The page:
I would have been happy for Jack to Long Jump but with very limited training, 10 hurdles would have been a stretch and could have possibly ended up with him getting injured and so him going back to the US took the risk away.

Hopefully the US Coronavirus situation improves significantly and Jack will get the chance to train safely and then compete in the New Year.

Meanwhile in Europe….Andrew Pozzi maintained his world number one status and remained unbeaten with a scintillating run in the Paavo Nurmi Games in Turku, Finland.

Pozzi clocked 13.25secs in his heat, before running another world lead of 13.17secs in the final, just .03 of a second outside his PB of 13.14secs for his second quickest ever wind legal time.

This was his sixth consecutive race win so far this season.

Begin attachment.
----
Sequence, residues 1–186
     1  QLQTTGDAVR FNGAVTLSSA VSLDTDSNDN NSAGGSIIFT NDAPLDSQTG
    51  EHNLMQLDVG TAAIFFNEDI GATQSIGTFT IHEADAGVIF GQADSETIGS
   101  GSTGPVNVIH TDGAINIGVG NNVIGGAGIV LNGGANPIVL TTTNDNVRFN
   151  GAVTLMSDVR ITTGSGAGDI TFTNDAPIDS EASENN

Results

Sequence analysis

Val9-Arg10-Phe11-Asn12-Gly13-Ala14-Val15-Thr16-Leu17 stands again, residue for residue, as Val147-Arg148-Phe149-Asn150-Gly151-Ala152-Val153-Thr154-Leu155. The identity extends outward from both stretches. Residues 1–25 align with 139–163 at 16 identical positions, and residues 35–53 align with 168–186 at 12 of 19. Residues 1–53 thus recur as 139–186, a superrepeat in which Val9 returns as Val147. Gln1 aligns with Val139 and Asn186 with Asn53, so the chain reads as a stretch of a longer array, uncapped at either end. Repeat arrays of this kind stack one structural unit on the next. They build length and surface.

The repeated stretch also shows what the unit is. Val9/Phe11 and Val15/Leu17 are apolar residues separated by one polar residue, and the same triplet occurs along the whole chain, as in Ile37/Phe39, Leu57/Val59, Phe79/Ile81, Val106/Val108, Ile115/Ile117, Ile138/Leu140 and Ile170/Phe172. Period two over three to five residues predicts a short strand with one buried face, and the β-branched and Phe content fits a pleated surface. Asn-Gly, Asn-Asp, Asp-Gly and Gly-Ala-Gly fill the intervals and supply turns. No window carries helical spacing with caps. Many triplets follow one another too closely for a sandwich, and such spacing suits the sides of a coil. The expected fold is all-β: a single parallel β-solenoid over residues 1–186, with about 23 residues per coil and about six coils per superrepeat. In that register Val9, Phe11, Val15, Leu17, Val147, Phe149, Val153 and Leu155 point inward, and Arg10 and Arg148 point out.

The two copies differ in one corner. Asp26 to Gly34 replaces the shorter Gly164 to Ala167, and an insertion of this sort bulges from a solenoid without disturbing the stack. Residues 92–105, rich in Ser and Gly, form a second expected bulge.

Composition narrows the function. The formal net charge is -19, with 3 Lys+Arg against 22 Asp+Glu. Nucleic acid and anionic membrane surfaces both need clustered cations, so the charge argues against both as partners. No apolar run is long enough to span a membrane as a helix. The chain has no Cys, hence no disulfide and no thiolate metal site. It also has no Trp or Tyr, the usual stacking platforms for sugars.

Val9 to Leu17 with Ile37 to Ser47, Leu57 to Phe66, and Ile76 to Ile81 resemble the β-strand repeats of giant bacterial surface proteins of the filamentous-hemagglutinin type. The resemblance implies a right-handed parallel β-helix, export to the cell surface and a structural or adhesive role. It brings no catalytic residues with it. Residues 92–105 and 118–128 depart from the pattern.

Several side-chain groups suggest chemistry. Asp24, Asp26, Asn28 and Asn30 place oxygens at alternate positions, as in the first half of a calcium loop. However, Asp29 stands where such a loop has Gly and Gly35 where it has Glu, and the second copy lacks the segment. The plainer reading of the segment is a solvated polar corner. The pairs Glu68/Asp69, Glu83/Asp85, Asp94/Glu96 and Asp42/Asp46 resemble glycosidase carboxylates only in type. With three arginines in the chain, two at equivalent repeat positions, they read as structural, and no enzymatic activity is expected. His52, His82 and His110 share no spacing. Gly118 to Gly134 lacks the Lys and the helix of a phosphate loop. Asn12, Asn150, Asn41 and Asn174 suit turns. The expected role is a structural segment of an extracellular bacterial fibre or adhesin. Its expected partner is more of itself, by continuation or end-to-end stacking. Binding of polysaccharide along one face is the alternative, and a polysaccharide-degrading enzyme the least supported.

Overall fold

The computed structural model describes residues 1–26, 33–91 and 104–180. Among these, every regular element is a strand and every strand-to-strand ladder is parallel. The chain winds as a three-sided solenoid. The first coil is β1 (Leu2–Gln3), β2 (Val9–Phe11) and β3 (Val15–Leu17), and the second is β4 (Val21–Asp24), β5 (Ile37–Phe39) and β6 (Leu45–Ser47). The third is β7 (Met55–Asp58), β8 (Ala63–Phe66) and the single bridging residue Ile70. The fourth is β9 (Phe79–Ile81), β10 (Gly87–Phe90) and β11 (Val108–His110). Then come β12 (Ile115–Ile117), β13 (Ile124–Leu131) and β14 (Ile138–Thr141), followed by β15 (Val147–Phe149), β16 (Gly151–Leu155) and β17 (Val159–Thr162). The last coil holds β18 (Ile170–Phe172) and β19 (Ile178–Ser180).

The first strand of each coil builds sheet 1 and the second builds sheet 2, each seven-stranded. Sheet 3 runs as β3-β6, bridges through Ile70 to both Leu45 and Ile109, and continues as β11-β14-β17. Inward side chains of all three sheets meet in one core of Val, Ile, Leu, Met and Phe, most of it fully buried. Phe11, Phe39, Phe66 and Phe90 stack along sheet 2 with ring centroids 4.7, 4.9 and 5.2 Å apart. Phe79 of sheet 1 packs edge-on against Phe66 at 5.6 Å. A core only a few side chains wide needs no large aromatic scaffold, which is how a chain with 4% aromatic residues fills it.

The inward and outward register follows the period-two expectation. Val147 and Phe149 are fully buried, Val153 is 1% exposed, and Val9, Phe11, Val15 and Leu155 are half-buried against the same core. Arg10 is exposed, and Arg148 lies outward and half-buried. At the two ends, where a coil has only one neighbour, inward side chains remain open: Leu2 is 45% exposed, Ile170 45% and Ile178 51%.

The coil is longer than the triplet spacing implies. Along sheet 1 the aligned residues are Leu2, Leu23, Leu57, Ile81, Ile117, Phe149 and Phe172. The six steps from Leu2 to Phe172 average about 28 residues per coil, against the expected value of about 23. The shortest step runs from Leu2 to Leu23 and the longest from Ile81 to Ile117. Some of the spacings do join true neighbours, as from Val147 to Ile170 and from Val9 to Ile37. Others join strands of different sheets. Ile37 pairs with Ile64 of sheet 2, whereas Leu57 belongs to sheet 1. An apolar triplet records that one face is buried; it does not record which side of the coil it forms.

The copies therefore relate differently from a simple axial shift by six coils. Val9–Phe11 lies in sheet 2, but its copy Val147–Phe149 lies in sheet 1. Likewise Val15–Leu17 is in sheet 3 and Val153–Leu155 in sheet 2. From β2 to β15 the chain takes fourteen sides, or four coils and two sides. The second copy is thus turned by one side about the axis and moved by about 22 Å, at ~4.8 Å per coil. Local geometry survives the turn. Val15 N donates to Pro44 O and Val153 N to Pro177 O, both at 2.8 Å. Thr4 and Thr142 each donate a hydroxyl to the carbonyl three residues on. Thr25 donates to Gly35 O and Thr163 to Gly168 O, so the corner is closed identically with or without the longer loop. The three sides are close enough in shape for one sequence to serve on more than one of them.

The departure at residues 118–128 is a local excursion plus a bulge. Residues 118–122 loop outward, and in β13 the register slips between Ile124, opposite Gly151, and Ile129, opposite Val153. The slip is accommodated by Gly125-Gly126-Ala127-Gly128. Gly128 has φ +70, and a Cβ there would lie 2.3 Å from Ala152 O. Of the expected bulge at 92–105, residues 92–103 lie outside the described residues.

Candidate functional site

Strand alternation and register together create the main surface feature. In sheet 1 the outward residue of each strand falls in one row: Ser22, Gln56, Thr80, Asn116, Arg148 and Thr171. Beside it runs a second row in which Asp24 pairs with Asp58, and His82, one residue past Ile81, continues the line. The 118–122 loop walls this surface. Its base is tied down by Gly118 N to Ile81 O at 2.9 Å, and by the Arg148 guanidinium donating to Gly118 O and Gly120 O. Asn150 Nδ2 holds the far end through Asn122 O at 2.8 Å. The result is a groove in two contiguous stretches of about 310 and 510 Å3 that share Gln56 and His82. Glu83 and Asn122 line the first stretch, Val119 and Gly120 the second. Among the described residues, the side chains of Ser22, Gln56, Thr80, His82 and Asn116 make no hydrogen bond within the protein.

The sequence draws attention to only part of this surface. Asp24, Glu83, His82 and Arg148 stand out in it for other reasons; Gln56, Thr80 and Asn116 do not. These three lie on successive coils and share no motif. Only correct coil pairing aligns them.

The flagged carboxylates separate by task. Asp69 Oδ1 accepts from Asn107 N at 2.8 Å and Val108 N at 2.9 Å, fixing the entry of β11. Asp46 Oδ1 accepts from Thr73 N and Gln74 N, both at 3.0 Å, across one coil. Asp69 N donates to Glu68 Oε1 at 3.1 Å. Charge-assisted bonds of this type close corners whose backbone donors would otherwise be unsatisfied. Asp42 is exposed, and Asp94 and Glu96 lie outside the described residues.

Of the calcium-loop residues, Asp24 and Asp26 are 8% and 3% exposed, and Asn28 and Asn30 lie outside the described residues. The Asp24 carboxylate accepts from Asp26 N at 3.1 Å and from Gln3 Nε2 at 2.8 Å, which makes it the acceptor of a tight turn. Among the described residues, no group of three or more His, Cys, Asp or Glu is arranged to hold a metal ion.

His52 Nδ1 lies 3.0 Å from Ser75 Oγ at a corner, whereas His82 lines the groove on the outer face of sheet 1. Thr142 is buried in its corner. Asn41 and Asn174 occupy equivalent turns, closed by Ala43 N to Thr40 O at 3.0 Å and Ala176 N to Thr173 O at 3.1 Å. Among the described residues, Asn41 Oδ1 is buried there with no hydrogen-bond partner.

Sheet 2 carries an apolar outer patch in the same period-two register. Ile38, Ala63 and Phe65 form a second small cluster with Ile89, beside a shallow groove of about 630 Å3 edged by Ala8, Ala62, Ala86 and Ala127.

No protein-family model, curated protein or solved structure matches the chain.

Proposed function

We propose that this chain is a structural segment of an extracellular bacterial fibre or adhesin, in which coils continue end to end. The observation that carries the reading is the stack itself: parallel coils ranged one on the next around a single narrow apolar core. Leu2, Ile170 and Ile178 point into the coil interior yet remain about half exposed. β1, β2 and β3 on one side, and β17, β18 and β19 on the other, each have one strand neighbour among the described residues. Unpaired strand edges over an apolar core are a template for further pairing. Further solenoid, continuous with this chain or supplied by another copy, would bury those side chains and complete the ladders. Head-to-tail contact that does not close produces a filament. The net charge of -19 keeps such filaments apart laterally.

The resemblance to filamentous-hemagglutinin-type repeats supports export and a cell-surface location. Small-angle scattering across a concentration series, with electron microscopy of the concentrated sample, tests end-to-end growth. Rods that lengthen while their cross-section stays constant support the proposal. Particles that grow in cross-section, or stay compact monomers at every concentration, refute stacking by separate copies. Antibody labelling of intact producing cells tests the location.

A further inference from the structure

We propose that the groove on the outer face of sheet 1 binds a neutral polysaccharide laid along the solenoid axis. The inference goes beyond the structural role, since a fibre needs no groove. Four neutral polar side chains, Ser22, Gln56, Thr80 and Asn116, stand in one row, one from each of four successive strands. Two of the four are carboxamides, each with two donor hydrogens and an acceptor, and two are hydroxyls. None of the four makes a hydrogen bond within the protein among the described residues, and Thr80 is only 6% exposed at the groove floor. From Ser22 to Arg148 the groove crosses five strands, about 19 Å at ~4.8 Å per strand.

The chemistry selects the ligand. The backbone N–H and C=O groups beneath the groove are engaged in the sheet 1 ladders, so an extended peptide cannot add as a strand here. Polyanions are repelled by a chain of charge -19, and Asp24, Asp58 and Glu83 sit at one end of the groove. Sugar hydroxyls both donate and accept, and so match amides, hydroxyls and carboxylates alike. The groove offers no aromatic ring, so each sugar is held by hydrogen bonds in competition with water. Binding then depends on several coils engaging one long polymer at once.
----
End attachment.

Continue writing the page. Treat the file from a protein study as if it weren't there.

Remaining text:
On Friday he races in the Diamond League meeting in Monaco in a world class field that includes Grant Holloway, Orlando Ortega and Wilhelm Belocian and it will be real test how things are going.

In a text Andrew said that he felt that “things are starting to click finally and we’ll see how it goes in Monaco on Friday”.

BBC Sport will show live action from the Monaco Diamond League from 7pm on Friday on the BBC iPlayer, Red Button and BBC Sport website. There will also be highlights on Saturday on BBC1 from 12pm.

George Fox-Rowe and Harry Gravelsons.
Nuneaton U15 & U17 Open

A couple of our juniors’ competed at The Pingles Stadium last weekend with both of them achieving PBs

George Fox-Rowe was rewarded for all of his hard work in training with a PB of 61.75 in the U17 400m hurdles. He also achieved a SB of 11.65 in the triple jump, just 18 cms off his PB.

Harry Gravelsons’ was also rewarded for his continued hard work in training with a PB of 12.86 in the U17 100m. He also won his heat.
My trusty treadmill.

146 Days

My life under lockdown

David Jones.


Little did I know as I completed my successful 1500m race at the British Masters Indoor T&F Championships in London on 7th March, that it would be 146 days before I would race again.